Included in the Secretariat’s functions are the appointment, oversight and interaction with the steering committees, and the coordination of the implementation of SIPs. This body must also report regularly to the Management Committee and the PICC regarding its management duties.
A Steering Committee is set up for each SIP, and members are nominated by the Minister under whose portfolio the SIP falls. Each Steering Committee must include the Director-General in the relevant Minister’s department, and representatives of the departments and organs of state affected by the project.
Members of the Steering Committees must have the relevant knowledge and delegated power to take decisions on behalf the organ of state which they represent. A channel of communication with the head of the represented organ of state must also be available to the members, thus further speeding up implementation.
Such Steering Committees are apparently already in existence and are overseeing the SIPs which were discussed in the last article, as the Bill makes provision for their continued existence once it comes into force.
Likelihood of success
It is clear that every effort has been made to create committees which incorporate all the relevant government officials and stakeholders, and which are empowered (either themselves or through their members) to push infrastructure projects forward.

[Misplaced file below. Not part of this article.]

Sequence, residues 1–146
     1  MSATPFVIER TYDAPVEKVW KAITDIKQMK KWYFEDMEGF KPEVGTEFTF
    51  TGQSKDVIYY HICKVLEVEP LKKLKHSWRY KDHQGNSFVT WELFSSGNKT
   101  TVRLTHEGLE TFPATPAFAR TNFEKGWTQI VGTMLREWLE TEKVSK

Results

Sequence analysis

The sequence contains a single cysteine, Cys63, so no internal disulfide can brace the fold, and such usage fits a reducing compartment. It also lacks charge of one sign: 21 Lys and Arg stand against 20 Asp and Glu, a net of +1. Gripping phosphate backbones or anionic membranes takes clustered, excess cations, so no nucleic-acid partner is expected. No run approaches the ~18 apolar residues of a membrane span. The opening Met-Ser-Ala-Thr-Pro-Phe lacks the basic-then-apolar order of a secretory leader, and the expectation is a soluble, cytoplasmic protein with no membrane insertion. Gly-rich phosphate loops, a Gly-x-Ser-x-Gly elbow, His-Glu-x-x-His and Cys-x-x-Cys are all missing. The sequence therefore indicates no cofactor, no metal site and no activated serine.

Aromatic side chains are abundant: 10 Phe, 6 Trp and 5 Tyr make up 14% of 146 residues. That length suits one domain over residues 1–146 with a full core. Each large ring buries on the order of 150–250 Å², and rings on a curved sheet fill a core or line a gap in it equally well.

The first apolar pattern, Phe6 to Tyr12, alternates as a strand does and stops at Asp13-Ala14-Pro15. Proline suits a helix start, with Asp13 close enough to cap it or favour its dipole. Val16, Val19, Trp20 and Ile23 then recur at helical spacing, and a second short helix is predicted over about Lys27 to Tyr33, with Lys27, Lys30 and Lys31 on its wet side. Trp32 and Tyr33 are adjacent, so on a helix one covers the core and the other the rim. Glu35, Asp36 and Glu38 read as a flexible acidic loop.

Provisions to combat possible corruption are also included in the Bill, and there is a clear intention to maintain procedural fairness and administrative justice standards notwithstanding the streamlined approach to project planning, approval and implementation.
The Bill contains several aspects which still need clarity, and which we hope will become apparent as it progresses through Parliament. Some of these aspects include the frequency and quorum of meetings to be held by the various sub-committees and the PICC itself, and the effect of decisions by the various officials sitting on them.
However, it is clear that this Bill heralds a new approach by government, who has recognised that a firm commitment is needed by all spheres of government to push infrastructure projects towards completion, decrease the red tape which routinely holds up these projects and stifles the economic growth of South Africa.